Next, the joint capsule is opened and débrided from the posterior surface of the subscapularis using the VAPR device through portal E. The capsule is removed until the subscapularis muscle is seen from the posterior portal. The rotator interval is cleaned out in order to identify the coracoid. The coracoacromial ligament is partially removed. The medial sling of the biceps is preserved in attempt to prevent medial biceps instability. Next, portal D is created 1 cm lateral and inferior to the anterolateral corner of the acromion to offer better visualization of the anterior structures as well as anterosuperior and anteroinferior glenoid bone loss. The anterior and posterior space around the subscapularis is then carefully defined using a radiofrequency ablator and shaver. The axillary nerve is encountered inferior and medial to the coracoid in its predictable position. Once the axillary nerve has been found, dissection can continue, staying lateral to its location. Portals D and E are used until the coracoid is clearly defined. Portals M and J are then developed and used to better define the conjoint tendon and pectoralis minor. The coracoacromial ligament is removed off the coracoid, leaving the conjoint tendon attached. Next, the scope is placed in portal J to view the axis of the coracoid process. A switching stick through portal D is used to retract the superior deltoid and improve visualization of the coracoid. A spinal needle is used to determine the location of portal H over the coracoid. This portal comes down directly over the coracoid. Through this portal, the coracoid drill guide (DePuy Synthes Mitek, Raynham, MA, USA) can be placed. Correct placement of the K-wires must be confirmed. The alpha hole on the coracoid drill guide must be approximately 1 cm proximal to the tip of the coracoid process. The beta hole of the coracoid drill guide is placed appropriately in the center of the coracoid from medial to lateral. The guide can be removed, and the coracoid drill is used over the guidewires in the alpha and beta positions. Next, the subscapularis split is created. A switching stick is placed through the posterior portal across the glenoid face and into the subscapularis to define the appropriate position. The previously made portal A is slightly medialized for this portion of the case. Because of its position, the switching stick lies directly on the glenoid face. The subscapularis split is made at the union between the superior two-thirds and inferior one-third of the tendon into the muscle in the same plane as the future graft site location. The split is made using the radiofrequency ablator until the glenoid is appropriately exposed. Care must be taken to avoid injury to the axillary nerve while completing the split medially. In addition, it is important to carefully dissect the subscapularis split with the radiofrequency ablator to prevent iatrogenic injury to the humeral head cartilage. The conjoint tendon can also be visualized medial to the longitudinal split. The anterior glenoid is then prepared to accept the graft using the shaver and burr (DePuy Synthes Mitek, Raynham, MA, USA). It is important to make sure there is no soft-tissue interposition on the glenoid neck to prevent nonunion of the graft. Care is taken around the inferior glenoid neck to make sure no iatrogenic injury to the axillary nerve occurs. Next, the coracoid osteotomy is performed. The osteotomy is made using straight and curved osteotomes through portal H. It is important to burr circumferentially around the proximal coracoid to serve as a stress riser before making the osteotomy. This prevents the osteotomy from fracturing into the scapular body. Once the osteotomy is completed, 2 coracoid screws are placed into the alpha and beta holes of the postosteotomy coracoid through portal M using a graft handle (DePuy Synthes Mitek, Raynham, MA, USA). Decortication of the inferior coracoid, as well as any bone off the inferior aspect of the proximal coracoid, is performed to allow for a better fit on the glenoid neck. The coracoid is then mobilized through the subscapularis split. The switching stick from the posterior portal is used to widen the split and facilitate mobilization of the graft through the subscapularis until reaching the prepared glenoid neck. The scope is placed back into portal J, and the coracoid is placed in the desired position on the anterior rim of the glenoid in the 2- to 5-o’clock position. The graft is lined up with the subchondral bone roughly 3 to 4 mm medial to the glenoid cartilage. Once the surgeon is satisfied with the position, a K-wire can be drilled through the cannulated coracoid screw in the alpha hole across the glenoid until it penetrates out the posterior shoulder through the skin, where it is clamped. Clamping the wire prevents retrograde advancement of the wire back into the shoulder. This process is repeated for the beta hole in the same fashion. The coracoid screw is then removed from the alpha hole, and a 3.2-mm drill is used over the wire into the glenoid. Next, the length is measured, and an appropriate-length Latarjet cortical screw (4.5 mm; DePuy Synthes Mitek, Raynham, MA, USA) is placed over the wire into the coracoid and glenoid. This process is repeated for the beta hole. To prevent malpositioning or fracture of the graft, it is important to not completely tighten either screw initially. Once provisional fixation is completed, it is paramount to alternate between the screws until final fixation is completed. Fixation should be assessed through multiple views, along with confirmation of no soft-tissue interposition. Completing the fixation of the graft, the case is complete. No capsular repair is completed as the capsule was removed earlier in the case. The portals are closed with a 3-0 Vicryl in a subcuticular interrupted fashion followed by a 4-0 Monocryl in a subcuticular running fashion. Steri-Strips are used to cover the incisions. A non-adherent bandage is placed over the portals and the arm is placed in a sling with an abduction pillow or bolster. The arm is placed in a neutral position.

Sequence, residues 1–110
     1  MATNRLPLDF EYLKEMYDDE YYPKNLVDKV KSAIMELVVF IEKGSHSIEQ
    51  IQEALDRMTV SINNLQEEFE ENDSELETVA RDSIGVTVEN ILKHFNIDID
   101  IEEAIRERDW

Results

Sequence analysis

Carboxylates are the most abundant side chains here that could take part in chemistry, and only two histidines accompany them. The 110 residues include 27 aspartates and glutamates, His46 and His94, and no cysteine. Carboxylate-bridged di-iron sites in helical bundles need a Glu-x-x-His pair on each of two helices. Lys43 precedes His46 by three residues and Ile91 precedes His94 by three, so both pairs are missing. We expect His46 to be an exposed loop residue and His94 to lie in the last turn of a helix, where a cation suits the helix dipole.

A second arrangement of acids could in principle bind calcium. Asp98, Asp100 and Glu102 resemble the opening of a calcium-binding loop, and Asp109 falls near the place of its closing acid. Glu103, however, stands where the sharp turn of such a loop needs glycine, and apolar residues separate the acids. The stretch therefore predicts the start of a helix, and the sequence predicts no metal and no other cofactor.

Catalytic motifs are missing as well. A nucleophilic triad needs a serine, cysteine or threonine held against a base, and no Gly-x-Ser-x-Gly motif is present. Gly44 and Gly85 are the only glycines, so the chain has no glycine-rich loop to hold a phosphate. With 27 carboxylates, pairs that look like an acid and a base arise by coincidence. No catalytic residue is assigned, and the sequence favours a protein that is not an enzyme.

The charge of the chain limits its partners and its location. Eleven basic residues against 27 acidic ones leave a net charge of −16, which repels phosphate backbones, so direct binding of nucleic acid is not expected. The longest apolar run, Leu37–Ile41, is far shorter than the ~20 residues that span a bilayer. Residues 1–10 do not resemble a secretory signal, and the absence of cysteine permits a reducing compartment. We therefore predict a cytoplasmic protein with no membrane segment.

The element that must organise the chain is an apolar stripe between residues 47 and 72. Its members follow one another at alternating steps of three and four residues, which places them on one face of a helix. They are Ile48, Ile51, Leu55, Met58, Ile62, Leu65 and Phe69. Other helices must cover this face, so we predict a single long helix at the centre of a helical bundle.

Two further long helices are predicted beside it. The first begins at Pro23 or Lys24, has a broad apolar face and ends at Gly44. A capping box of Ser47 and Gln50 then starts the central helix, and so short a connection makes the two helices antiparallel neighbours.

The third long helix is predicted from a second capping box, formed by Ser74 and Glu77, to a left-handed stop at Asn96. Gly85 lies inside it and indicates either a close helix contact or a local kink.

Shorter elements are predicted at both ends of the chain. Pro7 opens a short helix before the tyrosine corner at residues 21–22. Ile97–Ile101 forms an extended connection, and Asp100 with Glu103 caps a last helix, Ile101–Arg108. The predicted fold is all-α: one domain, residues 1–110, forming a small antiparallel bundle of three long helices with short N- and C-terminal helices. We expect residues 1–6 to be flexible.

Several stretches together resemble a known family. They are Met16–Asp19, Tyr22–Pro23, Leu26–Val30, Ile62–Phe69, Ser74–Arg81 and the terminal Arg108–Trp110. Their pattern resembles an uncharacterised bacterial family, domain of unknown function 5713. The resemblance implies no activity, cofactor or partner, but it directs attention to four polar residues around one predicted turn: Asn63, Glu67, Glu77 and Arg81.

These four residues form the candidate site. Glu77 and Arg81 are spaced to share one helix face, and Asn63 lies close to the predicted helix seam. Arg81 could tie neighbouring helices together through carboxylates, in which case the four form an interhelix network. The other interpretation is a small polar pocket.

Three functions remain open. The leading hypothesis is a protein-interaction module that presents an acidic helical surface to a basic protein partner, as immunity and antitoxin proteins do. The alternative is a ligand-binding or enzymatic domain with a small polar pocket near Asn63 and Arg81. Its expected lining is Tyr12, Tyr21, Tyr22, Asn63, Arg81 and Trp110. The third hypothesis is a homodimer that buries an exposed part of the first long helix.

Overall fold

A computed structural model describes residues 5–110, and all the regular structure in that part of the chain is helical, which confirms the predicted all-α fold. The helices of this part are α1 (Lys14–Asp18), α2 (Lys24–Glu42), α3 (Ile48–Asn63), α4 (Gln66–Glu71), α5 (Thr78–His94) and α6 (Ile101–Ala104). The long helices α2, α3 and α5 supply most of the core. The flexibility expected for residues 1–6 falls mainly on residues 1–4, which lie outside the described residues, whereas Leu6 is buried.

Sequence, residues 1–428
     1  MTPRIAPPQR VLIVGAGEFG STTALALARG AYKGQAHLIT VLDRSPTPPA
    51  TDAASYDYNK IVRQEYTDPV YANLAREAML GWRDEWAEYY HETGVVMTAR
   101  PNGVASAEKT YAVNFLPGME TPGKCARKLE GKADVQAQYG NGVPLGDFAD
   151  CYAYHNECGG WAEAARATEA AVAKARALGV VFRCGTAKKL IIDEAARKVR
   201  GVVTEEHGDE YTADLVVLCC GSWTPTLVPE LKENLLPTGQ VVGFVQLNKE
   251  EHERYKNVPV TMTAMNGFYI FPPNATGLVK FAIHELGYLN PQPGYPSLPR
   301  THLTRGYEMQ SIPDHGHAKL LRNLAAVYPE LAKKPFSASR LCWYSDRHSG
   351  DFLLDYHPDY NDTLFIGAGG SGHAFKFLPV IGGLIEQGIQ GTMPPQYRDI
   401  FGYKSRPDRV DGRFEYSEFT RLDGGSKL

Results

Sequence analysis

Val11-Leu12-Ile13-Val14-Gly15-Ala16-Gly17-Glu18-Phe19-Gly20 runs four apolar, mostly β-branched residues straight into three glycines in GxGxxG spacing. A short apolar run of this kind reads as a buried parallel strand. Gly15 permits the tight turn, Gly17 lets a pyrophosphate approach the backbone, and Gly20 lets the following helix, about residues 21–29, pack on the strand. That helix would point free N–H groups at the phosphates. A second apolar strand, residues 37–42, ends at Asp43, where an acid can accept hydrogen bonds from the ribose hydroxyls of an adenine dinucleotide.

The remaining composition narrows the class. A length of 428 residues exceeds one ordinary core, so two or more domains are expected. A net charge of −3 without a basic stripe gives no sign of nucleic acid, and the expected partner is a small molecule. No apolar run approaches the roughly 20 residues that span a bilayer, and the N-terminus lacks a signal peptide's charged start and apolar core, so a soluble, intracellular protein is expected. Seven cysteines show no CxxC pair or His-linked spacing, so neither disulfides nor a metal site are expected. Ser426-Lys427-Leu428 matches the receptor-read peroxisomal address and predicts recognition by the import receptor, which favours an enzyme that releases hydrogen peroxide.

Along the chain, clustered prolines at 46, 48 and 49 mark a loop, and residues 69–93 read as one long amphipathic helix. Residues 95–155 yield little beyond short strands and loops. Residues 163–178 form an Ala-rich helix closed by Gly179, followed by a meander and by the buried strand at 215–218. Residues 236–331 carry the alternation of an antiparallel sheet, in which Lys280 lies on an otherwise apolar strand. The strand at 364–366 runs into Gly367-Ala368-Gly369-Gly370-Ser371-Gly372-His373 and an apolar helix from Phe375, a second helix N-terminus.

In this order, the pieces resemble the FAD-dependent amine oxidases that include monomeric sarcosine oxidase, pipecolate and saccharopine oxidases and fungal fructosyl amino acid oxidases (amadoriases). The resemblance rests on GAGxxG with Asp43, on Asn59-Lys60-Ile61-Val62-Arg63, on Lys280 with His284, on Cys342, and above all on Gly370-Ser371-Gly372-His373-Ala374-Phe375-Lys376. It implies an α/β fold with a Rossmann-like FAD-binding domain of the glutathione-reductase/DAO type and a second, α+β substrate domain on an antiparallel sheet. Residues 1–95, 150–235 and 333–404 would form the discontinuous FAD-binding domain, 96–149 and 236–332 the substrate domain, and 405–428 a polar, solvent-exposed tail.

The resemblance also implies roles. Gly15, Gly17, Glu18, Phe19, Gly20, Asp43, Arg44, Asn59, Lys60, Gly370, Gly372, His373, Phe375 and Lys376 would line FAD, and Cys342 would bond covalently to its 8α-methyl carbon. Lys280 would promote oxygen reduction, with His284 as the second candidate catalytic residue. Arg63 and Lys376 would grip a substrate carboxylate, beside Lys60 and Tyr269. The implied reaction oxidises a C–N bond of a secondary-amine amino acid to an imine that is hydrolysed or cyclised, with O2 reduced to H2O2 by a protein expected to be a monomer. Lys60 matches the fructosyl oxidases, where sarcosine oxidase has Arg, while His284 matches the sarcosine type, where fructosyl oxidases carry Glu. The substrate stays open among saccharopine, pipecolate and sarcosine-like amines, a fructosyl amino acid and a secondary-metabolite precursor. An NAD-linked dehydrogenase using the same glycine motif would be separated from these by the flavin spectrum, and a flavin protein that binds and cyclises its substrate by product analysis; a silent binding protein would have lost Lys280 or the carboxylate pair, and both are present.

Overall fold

Postoperative period